15 ANNEXES 11 Questionnaire for general public 2010 QUESTIONAIRE ON VALUATION OF COURT FUNCTIONING Dear Court Client! We, the Latvian Judicial Training Centre, would like to ask for your opinion on quality of functioning of courts. Your valuation and recommendations are necessary to improve the service provided by courts to general public. We are interested in your opinion about court chancellery staff, judges activities during court session, as well as on quality of information available in courts, and comfort when using court house. Please, take 10 minutes of your time to answer to questions in this form. Drop the filled-in questionnaire in a survey box that is situated in the court chancellery. We guarantee confidentiality of your answers, and that the information you will provide will be used only together with other opinions! Thank you for your help/responsiveness and participation! Q1 Q2 Q3 Q4 Q5 Q6 Q7 Q8 How often do you visit this court on average? Once a week or First time today more In what kind of case did you participate today? Civil law case Criminal law case In what status did you participate? A party to a case Once a month or more Victim How much do you trust in Latvian judiciary in general? Absolutely More likely to trust How satisfied are you with functioning of the court in general? Absolutely satisfied More satisfied than not Once in 6 months or more Case on administrative breach Witness Less likely to trust Once a year More unsatisfied than satisfied If you said you were unsatisfied with functioning of the court, please give your reasons? How would you valuate court s functioning with regard to the following aspects? Very good Good Less than once a year Administrative law case Mediocre Other (write):... Don t trust at all Completely unsatisfied 01 Courthouse in general 02 Session rooms in general 03 Court documents (summons, letters) 04 Availability of information on litigation in general 05 Judges activities in general 06 Court staff functioning in general 07 Availability of information on court proceedings 08 Attitude of court staff towards court clients How much do you with these expressions on courthouse and premises? Completely Likely to Not likely to Don t 01 Courthouse is easy to find 02 Courthouse is accessible to people of age and with special needs 03 I am satisfied with possibilities to park a car nearby the courthouse 04 Security checks at the court house are kind and correct 05 Chancellery is easy to find 06 Working hours of chancellery are adequate 07 It was easy to find my session room 08 There are enough signs to find everything 09 Waiting areas ensure privacy (for example, the victim does not have to meet the offender) Bad Very bad Hard to say/don t know 11 Information copied from SIA Fieldex report on final results of research 2010 Research on Court Functioning Valuation: Survey of court clients and 2010 Research on Court Functioning Valuation: Survey of Prosecutors, Sworn advocates and lawyers. 15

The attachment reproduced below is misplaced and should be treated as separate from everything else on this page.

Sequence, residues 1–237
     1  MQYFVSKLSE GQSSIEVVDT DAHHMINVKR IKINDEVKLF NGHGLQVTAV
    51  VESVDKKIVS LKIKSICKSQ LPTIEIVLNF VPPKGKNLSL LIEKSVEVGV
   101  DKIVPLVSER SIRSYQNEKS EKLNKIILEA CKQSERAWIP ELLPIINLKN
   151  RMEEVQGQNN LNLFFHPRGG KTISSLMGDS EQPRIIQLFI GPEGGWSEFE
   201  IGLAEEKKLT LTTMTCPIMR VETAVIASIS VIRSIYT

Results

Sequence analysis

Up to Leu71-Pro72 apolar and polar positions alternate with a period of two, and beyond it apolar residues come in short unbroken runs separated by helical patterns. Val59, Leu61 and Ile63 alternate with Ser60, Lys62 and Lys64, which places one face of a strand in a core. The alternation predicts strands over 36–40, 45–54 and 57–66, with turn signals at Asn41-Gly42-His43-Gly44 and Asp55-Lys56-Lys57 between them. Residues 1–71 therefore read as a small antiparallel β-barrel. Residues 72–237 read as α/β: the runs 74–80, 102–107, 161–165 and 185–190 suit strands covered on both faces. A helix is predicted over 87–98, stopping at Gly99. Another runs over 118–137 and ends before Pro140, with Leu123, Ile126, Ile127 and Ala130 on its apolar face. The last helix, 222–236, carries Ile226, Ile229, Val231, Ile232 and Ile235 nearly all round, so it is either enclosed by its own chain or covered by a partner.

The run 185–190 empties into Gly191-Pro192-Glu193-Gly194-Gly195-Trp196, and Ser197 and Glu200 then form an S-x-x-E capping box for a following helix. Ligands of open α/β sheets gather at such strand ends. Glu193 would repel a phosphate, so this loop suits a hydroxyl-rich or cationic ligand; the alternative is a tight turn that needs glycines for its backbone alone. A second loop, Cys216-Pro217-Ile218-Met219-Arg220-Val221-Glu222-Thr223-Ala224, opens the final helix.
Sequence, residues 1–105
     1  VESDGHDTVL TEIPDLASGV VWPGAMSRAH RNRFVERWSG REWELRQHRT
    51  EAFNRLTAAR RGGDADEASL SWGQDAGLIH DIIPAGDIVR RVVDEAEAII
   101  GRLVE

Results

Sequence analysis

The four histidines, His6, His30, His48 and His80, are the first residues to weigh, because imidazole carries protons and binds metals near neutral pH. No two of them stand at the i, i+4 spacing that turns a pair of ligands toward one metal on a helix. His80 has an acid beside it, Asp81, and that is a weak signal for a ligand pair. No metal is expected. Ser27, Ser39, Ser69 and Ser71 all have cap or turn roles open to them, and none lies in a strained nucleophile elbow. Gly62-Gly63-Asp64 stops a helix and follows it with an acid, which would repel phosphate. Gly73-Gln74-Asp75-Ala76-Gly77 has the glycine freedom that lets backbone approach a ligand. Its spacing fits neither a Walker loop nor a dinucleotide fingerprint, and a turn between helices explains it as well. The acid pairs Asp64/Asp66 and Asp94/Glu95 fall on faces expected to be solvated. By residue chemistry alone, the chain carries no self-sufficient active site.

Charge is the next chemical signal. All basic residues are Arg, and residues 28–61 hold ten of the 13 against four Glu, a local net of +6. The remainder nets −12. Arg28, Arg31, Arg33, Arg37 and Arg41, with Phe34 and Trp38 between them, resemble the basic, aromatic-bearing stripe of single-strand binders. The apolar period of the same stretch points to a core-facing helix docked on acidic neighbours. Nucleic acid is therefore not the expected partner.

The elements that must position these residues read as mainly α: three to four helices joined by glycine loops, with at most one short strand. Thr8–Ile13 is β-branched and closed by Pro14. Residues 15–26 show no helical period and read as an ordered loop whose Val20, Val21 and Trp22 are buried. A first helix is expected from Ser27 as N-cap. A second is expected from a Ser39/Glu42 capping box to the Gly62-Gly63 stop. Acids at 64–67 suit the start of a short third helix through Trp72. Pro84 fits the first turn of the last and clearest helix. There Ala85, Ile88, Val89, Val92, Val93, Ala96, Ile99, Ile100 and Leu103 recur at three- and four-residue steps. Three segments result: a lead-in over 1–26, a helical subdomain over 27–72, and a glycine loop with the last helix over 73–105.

16 Q9 How much do you with these expressions on court documents? Complet ely Likely to Not likely to Don t Hard to say/don t know 01 I received documents sent by court (summons, letters, etc.) in due time 02 Documents sent by court were easy to understand 03 Decision (judgment) was easy to understand Q10 How much do you with these expressions on functioning of court staff? Complet Likely to ely Not likely to Don t 01 Court staff is easy to contact over the phone 02 Court staff is kind 03 Court staff is helpful 04 I received answers to all my questions from court staff 05 Court staff is interested in helping me 06 Court session started at the time it was supposed to Q11 How much do you with these expressions on judge s activities? Complet ely Likely to Not likely to Don t 01 Judge explains agenda of the session 02 Judge comes prepared for the session 03 Judge reports on the situation of the case 04 Judge is impartial towards both parties 05 Judge s attitude towards both parties is equal 06 Judge is competent 07 Judge understands circumstances of the case 08 Judge talks in plain language 09 Judge is sympathetic 10 Judge listens to different opinions 11 Directions given by judge to parties of case are clear and make sense 12 Basis of court judgement is clear and makes sense 13 Judge explains the court decision and consequences thereof 14 Judge explained how the case is going to be treated after session 15 In general I believe the court is just Q12 Hard to say/don t know Hard to say/don t know If you have any recommendations on improving functioning of courts (including courthouse, session rooms, court staff and judge s activities), please write them here: In conclusion, please provide some details about yourself. D1 What is your age? full years D2 What is your educational level? Primary school or unfinished primary education Elementary education Unfinished high-school High-school or vocational school Unfinished university degree University degree THANK YOU FOR YOUR HELP! Please, put the form in survey box situated in the court chancellery or main hall. 16